Any suitable means may be provided for operating the two frames consisting respectively of the parts 1l. and 12 and connecting rods 1 0 and the parts 13 and 16 and the con- 9G necting rods l5. For purposes of illustration, I have shown a worm screw having right and vleft hand threaded sections 2O and 21V respectively, engaged in threaded openings of the par-ts 11 and 16. This screw at its 95 upper end is rotatabiy mounted or ournalled in a relatively iixed part 22 and any suitable means may be provided for actuating said screw. Upon rotating said screw in one direction, it will be evident from a comparison which it is secured to a stop.

of Figs. 1 and 2 of the drawing that the outer frame including bars 16 and 1.3 and rot o lo will be moved upwardly, while the inner f `ame consisting of bars 11 and l2 and rods 10 will be mover downwardly. Thus, the upper set of springs i8 will be compressed by bar 11 forcing the upper brake shoe downwardly and the lower springs 19 will. be compressed by bar .13 and force the upper bralre shoe upwardly. The springs 17 are thus compressed and the said shoes are bron rt into fric ioual contact upon the periphery of the rotating member 6. As this member rotates and the longer axis thereof approaches a position at right angles to t-he length of the brake shoes, the frictional. braking' pressure gradually increases, thus checking,- the speed of rotation of said member 6 and nally bringing said member and the shaft on The quickness with which the member 6 and shaft 5 are brought to a complete stop is of course, determined by the resistance offered by springs 18 and 19 to the separating movement of the brake shoes and the extent to which the inner and oute11 frames are moved by the wor n screw or other adjusting,` means which may be employed for this purpose. lt will however, be observed that after such adjustment has been made, no further manual operation is required and the actual application of a braking pressure of `gradually increasingl elfectiveness upon the rotatingpart is entirely automatic.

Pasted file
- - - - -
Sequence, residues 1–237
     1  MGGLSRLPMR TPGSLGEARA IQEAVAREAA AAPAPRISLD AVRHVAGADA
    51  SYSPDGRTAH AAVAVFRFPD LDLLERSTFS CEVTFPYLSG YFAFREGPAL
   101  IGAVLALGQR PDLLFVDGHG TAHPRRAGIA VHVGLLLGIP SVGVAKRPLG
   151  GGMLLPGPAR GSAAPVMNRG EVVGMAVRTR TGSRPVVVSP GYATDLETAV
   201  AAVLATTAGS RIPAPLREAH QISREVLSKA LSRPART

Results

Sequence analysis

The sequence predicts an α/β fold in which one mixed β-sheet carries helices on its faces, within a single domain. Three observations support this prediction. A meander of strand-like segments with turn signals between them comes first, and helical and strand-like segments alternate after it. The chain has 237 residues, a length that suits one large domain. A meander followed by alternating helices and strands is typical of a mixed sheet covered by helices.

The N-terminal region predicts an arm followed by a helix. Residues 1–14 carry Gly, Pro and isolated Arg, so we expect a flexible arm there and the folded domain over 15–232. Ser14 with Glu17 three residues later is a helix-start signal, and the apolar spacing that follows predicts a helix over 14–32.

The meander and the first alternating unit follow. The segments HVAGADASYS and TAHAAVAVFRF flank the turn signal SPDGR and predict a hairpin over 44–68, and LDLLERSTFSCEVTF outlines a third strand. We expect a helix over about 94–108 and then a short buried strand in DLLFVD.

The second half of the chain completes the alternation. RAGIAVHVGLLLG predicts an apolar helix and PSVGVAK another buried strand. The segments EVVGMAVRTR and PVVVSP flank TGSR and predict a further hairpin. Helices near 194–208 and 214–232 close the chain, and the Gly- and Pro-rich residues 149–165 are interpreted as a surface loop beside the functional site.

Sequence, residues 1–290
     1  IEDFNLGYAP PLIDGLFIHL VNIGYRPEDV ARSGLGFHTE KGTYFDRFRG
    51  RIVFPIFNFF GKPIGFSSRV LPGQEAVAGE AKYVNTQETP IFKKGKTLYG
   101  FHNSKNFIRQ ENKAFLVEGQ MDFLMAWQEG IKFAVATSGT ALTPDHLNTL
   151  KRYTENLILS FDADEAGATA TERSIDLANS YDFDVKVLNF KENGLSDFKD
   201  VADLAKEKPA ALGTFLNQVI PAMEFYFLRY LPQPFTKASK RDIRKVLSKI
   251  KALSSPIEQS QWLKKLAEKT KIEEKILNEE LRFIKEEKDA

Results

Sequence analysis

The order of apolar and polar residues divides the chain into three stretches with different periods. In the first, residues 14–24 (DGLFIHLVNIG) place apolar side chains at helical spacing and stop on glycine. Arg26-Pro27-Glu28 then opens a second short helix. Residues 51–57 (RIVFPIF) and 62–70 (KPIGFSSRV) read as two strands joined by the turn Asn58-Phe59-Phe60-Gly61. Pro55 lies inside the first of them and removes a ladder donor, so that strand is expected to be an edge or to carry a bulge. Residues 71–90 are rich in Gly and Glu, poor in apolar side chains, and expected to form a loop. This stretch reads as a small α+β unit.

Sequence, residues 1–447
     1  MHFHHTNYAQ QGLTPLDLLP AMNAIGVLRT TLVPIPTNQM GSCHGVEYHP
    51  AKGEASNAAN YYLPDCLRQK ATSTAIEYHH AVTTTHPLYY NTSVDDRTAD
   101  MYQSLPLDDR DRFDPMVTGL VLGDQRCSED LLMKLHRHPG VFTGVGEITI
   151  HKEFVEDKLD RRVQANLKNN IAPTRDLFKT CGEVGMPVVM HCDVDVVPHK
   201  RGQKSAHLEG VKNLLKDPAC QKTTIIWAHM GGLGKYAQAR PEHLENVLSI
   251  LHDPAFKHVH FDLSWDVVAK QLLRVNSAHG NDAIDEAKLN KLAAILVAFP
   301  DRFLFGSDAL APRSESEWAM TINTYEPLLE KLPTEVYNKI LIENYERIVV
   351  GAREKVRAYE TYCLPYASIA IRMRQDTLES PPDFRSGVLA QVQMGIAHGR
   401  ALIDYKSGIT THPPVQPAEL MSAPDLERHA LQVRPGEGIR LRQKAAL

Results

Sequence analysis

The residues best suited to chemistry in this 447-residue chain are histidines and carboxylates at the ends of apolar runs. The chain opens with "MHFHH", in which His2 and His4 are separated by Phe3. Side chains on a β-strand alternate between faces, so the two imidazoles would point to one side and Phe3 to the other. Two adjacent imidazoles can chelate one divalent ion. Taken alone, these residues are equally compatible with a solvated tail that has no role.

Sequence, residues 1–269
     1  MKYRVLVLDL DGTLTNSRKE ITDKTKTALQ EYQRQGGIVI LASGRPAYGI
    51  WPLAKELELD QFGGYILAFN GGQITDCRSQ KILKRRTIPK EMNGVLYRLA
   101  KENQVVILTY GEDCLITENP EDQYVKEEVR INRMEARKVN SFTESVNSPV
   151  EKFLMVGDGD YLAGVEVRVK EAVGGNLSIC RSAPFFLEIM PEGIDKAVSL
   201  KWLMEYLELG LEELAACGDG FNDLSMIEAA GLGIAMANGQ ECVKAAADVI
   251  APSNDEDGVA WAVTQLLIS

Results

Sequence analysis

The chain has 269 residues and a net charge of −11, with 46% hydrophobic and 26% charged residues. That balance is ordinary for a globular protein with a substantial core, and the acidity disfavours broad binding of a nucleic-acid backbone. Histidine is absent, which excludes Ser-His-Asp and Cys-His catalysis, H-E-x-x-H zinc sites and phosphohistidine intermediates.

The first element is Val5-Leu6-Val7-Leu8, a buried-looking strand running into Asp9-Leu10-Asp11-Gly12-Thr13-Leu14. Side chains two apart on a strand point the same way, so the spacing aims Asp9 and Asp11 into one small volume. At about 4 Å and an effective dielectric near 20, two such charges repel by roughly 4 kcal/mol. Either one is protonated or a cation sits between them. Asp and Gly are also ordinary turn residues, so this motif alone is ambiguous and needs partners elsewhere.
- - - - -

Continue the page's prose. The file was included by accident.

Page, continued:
From the above description, it is believed thatV the several novel features of my new brake and the principle of its operation will be fully understood. l have found the same under actual tests to be highly effective. lt will be apparent that the drawing` accompanying this description is purely illustrative of the o ierating principle of the brake and that in the various practical applications thereof which are possible, other forms and arrangements of the several cooperating elements as well as the actuating means for positioning* the brake shoes may be provided. Accordingly, it is to be understood that l do not desire to be limited to these detail features of the present disclosure, but reserve the right to exemplify the fundamental principle of my invention in various other alternative structural forms as may be fairly considered as within the spirit and scope of the invention as claimed.

l claim:

1. A brake including two cooperatively associated means, one of said means consisting of complementary parts movable relative to each other, and the other of said means consistinp of an elliptically shaped part, said last-named means being,` mounted upon a power driven member to rotate therewith, and manually controlled means for positioning said first named parts relative to each other and with respect to said elliptical part to 1produce a direct @onction between said associated moore and impress a braking); force upon said power driven member.

2. In a brake, a` non-circular rotary member, brake shoes normally out of frictional contact therewith, rods passing slidably through the ends of the brake shoes, springs encircling the rods between the brake shoes, a cross-bar uniting one of said rods, springs encircling said rods between one of said brake shoes and said bar, a cross-bar adjacent the other brake shoe slidably mounted on said rods, springs encircling said rods between the last-named cross-bar and the other bralie shoe, and means for forcing said cross-bars toward each other to actuate the brake shoes into engagement with said inemliier.